Immunity

Western cultures report increasing rates of asthma and allergic disease, with pets sometimes implicated as a causal factor. An interesting research development in recent years however, has demonstrated the opposite may in fact be the case; the presence of cats and dogs in the home from an early age may actually ‘acclimatise’ the developing immune system so that it is less sensitive to allergens in later life. It appears that the presence of pets in the home has some regulatory or stabilising influence on the immune functioning of children.

 

 

References

 

  1. Lodge, CJ, Allen, KJ, Lowe, AJ, Hill, DJ, Hosking, CS, Abramson, MJ, & Dharmage, SC, ‘Perinatal cat and dog exposure and the risk of asthma and allergy in the urban environment: : A Systematic Review of Longitudinal Studies,’ Clinical and Developmental Immunology, vol. 2012, Article ID 176484, 10 pages, 2012. doi:10.1155/2012/176484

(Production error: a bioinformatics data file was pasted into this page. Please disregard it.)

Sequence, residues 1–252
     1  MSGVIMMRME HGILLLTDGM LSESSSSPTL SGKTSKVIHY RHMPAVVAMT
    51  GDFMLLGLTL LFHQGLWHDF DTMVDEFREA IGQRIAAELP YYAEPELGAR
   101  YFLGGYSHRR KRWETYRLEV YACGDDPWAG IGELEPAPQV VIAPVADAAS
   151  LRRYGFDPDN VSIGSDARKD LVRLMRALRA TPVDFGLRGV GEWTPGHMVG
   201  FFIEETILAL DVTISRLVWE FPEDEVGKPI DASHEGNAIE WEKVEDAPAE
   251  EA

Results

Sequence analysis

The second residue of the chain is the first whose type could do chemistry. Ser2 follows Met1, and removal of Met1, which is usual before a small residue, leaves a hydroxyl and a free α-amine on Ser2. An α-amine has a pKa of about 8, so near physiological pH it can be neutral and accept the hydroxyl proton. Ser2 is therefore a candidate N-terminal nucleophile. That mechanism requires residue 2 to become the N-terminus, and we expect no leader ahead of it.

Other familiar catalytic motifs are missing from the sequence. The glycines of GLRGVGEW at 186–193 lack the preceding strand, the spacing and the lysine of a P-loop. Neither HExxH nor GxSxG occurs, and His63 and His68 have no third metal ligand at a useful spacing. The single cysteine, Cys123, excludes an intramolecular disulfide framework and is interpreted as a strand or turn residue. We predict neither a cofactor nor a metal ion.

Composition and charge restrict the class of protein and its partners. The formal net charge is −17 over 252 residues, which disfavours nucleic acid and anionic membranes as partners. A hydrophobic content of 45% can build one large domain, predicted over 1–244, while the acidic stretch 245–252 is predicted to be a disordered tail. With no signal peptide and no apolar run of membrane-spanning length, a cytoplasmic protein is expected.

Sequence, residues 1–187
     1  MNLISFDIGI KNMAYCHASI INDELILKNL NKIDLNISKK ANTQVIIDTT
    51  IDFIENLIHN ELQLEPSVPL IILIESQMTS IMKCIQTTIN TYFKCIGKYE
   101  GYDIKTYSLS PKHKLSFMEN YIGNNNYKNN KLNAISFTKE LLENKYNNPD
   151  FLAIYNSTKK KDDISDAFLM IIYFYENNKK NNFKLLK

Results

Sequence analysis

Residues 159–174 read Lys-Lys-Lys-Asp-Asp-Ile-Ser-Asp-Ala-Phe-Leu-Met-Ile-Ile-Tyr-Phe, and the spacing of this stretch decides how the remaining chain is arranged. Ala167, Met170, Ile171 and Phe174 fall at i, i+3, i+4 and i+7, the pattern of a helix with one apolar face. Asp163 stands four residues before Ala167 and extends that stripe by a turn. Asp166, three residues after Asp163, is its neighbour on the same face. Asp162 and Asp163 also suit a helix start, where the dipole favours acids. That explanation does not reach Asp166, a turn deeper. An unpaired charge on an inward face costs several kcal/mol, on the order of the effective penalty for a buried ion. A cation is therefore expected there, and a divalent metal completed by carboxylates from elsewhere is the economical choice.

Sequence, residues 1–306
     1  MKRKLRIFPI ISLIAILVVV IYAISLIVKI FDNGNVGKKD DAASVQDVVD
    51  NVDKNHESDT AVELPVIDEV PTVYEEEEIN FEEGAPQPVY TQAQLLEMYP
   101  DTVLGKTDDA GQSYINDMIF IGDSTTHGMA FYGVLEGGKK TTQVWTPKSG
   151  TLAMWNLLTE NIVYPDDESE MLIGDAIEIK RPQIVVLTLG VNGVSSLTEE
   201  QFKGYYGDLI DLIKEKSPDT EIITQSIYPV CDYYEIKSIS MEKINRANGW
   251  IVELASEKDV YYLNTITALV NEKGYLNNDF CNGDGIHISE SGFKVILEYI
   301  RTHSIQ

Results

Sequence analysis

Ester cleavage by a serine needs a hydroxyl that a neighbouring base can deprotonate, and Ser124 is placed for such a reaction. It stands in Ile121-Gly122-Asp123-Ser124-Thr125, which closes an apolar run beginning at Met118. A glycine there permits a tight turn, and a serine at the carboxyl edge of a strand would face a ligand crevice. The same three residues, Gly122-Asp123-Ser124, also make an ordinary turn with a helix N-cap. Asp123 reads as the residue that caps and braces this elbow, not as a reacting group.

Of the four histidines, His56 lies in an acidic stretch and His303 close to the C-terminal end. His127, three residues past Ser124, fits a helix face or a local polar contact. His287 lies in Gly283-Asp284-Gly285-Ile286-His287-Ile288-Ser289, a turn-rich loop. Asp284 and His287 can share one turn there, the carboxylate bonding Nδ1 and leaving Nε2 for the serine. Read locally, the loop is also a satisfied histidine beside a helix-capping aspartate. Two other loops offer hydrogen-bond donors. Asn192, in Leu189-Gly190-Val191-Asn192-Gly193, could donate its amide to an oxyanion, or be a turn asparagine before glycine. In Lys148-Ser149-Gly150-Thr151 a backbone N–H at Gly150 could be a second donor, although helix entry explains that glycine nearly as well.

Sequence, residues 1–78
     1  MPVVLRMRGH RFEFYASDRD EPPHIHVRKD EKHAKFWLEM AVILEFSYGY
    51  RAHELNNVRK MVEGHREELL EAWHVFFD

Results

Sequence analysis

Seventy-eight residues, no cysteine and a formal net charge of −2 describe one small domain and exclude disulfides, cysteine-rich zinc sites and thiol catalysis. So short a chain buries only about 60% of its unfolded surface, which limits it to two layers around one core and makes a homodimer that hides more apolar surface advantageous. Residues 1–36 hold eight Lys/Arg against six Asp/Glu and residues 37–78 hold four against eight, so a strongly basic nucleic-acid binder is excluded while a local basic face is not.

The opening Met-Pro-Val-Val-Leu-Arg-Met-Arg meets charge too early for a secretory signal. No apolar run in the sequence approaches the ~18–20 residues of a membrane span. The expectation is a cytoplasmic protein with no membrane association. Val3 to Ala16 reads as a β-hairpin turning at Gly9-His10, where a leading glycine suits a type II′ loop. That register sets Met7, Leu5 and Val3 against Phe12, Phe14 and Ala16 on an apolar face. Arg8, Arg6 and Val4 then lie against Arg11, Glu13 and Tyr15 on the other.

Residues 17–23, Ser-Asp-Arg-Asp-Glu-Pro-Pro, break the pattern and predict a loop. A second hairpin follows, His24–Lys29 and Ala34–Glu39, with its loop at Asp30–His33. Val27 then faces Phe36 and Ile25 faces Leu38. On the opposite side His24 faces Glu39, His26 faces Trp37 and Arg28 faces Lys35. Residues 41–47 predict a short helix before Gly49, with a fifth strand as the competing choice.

1. Gern, JE, Reardon, CL, Hoffjan, S, Nicolae, D, Li, Z, Roberg, KA, Neaville, WA, Carlson-Dakes, K, Adler, K, Hamilton, R, Anderson, E, Gilbertson- White, S, Tisler, C, Dasilva, D, Anklam, K, Mikus, LD, Rosenthal, LA, Ober, C, Gangnon, R, & Lemanske, RF. Jr.,2004, ‘Effects of dog ownership and genotype on immune development and atopy in infancy’ Journal of Allergy & Clinical Immunology, vol. 113, no.2, pp. 307-14.
  1. McNicholas, J, ‘Benefi cial effects of pet ownership on child immune functioning’, 2004, International Association of Human-Animal Interaction Organisations Conference, Glasgow.

 

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